‘Trust’ can be a word shield to hide hanky-panky
All the Old Men of the Mountain who ventured out Tuesday morning wound up at the Country Café in Schoharie. This scribe wondered why, early on, the original cast of characters picked Tuesday as the day to get away. That was many years ago.
This past Tuesday the breakfast was Feb. 25. (It is about 40 weeks until Christmas; better plan now.)
One OF made a normal statement that many of the OFs make and that statement was: “Believe me.”
This started a conversation on “trust” and “believe.” The OFs came to the conclusion that whenever the words “trust me” or “believe me” are said in a sentence, the warning antennas should pop up like on My Favorite Martian.
“Trust me; would I lie to you?” Whoa, back up, because now is the time to listen carefully. Generally, a fib is hidden there somewhere.
The other expression the OFs mentioned was: “Believe me, this is going to work.”
This should have “Danger, danger, Mr. Robinson” stamped all over it.
One OF said, if it is necessary to ask for trust, then it is a good indicator that the person or persons have not been too trustworthy in the past, or they are using the word “trust” as a word shield to hide some real hanky-panky tucked in there someplace.
“Yeah,” an OF said, “real trust comes when someone says it for you. For instance, ‘You can really trust Joe Blow — he doesn’t say much but, when he does, he knows what he is talking about.’”
Another OF opined, “My frustration is hearing the words, ‘Believe me.’ Too often. I have been told ‘Believe me, that is not going to work,’ and so many times I back off and don’t finish the project I started. Then, later on, I try it my way again and the project works just fine.” The OF continued, “Why did I listen to the OF who told me it wasn’t going to work in the first place?”
“Well,” one OG said, “I guess forewarned is forearmed but I bet we all will make these same statements at one time or another.”
Most of the wounded OFs have returned to the breakfast, and rather quickly this scribe may say.
The OFs — by virtue of being OFs — are tough or they wouldn’t have made it to being OFs. Even at the ages of this group of senior citizens they still maintain that degree of toughness.
It stands to reason that the OFs discussed their recent bouts with the knife and subsequent body repairs and one OF reported that his blood work showed he was low on iron.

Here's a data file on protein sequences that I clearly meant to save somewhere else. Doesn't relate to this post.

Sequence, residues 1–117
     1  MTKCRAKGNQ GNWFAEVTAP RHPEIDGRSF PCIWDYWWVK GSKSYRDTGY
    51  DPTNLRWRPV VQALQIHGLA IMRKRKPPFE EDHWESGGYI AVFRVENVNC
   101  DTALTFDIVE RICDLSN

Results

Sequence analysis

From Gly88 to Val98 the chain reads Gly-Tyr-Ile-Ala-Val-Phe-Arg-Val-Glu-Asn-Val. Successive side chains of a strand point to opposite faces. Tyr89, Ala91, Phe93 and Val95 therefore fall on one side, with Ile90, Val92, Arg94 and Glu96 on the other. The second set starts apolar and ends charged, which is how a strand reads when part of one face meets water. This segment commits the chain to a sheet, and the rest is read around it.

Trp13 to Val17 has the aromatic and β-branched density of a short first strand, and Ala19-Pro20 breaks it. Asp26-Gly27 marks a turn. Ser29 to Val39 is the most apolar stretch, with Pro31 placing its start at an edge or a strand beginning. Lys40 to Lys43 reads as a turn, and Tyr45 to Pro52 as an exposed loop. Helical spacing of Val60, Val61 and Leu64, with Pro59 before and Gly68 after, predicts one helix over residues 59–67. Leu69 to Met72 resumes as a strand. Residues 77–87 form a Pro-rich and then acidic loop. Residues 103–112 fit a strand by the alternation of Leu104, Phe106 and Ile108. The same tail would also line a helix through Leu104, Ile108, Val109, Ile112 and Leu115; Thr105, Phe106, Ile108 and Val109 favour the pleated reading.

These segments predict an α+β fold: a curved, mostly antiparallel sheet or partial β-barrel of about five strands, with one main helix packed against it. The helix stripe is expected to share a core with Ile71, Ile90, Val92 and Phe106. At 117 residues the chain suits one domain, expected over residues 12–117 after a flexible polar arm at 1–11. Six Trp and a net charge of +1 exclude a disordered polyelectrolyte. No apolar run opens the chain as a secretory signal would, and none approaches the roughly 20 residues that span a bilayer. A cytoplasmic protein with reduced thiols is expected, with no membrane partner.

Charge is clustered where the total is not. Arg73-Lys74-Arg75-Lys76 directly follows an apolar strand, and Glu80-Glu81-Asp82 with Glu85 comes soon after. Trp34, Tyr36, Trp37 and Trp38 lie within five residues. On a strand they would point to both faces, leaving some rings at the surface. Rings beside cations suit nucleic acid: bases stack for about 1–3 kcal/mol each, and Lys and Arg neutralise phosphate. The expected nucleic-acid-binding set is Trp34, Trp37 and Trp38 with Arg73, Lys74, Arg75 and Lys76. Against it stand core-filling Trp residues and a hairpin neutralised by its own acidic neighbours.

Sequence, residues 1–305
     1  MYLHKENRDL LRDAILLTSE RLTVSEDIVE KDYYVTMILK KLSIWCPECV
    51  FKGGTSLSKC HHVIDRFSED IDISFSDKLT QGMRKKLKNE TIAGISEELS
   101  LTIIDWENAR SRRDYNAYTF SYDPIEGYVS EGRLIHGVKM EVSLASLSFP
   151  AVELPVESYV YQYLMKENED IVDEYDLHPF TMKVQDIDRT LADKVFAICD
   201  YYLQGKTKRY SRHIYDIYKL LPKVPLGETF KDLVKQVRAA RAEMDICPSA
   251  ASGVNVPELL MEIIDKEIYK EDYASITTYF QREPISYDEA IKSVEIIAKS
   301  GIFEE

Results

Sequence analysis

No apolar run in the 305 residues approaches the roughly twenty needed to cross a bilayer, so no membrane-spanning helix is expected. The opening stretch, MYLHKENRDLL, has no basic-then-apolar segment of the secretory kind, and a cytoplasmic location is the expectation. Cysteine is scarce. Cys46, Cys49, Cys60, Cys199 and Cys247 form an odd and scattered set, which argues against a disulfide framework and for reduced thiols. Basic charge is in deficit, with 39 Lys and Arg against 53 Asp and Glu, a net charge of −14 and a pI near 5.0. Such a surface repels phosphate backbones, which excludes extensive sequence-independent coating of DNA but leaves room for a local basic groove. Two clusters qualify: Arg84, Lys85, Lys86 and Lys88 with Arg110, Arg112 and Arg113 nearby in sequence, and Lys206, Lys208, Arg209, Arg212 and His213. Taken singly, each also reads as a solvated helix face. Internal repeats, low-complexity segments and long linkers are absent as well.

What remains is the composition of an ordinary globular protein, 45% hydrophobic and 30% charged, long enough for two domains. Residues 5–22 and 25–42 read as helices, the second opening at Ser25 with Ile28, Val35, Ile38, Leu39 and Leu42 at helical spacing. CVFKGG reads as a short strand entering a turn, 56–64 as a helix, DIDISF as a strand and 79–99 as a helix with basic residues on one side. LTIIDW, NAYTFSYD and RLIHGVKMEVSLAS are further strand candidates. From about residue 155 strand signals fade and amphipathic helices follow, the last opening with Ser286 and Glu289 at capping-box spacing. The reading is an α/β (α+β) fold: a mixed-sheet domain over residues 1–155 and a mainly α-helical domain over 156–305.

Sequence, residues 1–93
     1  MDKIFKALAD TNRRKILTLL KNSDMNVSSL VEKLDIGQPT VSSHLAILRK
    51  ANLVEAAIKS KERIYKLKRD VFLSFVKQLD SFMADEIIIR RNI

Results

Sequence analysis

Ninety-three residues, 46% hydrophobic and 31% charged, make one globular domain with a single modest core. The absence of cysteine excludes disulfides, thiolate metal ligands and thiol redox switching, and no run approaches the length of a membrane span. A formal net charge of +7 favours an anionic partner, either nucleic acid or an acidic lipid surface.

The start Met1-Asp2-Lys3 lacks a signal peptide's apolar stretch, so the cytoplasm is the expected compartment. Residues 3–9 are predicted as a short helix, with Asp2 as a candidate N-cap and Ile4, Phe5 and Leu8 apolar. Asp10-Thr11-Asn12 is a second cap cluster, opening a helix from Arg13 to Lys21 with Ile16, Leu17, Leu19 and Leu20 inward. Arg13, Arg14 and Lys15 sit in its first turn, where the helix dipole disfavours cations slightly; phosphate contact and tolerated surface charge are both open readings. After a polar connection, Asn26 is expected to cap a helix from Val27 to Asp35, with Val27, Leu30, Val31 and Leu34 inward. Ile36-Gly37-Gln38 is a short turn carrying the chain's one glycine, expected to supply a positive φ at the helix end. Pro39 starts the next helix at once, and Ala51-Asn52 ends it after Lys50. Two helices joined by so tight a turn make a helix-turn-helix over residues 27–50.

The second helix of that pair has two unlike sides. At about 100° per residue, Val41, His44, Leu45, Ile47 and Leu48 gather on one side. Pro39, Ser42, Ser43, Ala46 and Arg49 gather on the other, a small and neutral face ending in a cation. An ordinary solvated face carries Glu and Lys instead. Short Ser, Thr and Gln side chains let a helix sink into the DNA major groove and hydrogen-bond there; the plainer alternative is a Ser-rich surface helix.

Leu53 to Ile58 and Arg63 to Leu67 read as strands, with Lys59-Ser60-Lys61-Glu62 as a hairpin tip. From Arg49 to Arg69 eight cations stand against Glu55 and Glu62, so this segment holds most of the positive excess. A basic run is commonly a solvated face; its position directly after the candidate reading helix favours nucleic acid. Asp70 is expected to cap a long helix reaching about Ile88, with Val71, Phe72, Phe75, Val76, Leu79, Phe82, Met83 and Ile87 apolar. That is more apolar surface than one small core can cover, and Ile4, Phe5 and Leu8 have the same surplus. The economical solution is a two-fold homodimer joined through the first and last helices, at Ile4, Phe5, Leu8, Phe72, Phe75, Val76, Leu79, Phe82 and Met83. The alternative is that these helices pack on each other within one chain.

So the OFs bantered on about iron pills and foods high in iron and finally one OF said that low iron was not even mentioned when he was a kid.
To which one OF replied, “When you were a kid, they didn’t even know what blood was.”
Undaunted, the OF continued, “We had a woodstove in the kitchen and there was a fire in that stove even in the summer.”
The OF pointed out his mom cooked in cast-iron pots, and in cast-iron skillets, and the top of the stove was cast iron.
“Ya know,” another OF said, “we did the same thing. I bet you are right, you OG; when we were young, we got real iron right from the pots and pans, and veggies from the garden, not processed. And our own butchered meat and chickens, none of this chemical feed stuff.”
“How about what we hunted and brought home and ate,” another OG said.
“That’s full of lead, you OF, not iron.”
“Oh, yeah,” the OG said.
Beating cabin fever
Some of the OFs say that getting out to the breakfast is a good break from cabin fever. Cabin fever seems like it is a problem this winter with all the cold.
The OFs are beginning to add cold to their litany of complaints, especially this winter. One OF mentioned that he has learned to live with many of his aches and pains, plus not being able to do what he used to do. The OF said this year he has to add the cold weather to not being able to do what he used to do.
This OF liked to cross-country ski and snowshoe, but now with the cold air, both of these activities have had to be curtailed. This OF wants to hang in there until March 20, the vernal equinox, when spring is supposed to start.
That is only a few days away and, to this OF, it looks like it is going to be, “Spring? My foot.”
According to the weather guys, it appears that, in our little section of the world, the thermometer will still be registering in the 20s until late March. These guys can be wrong quite often and we might only make the high teens in that period of time.
One OF said, “They can be wrong the other way, too. We can be in the high 30s.”
“Well, let’s hope so, I am running out of birdseed.”
The OFs who grumbled all the way to the Country Café because of the weather were met by a cheerful young waitress with coffee carafes in hand saying “Good morning, gentlemen, regular or decaf?” and those OFs who answered her were: Mark Traver, Otis Lawyer, Chuck Aleseio, Dave Williams, Frank Pauli, Karl Remmers, Robie Osterman, Andy Tinning, Miner Stevens, George Washburn, John Rossmann, Harold Guest, Jim Heiser, Roger Shafer, Glenn Patterson, Roger Chapman, Dick Ogsbury, Don Wood, Mace Porter, Lou Schenck, Garry Porter, Bill Krause, and me.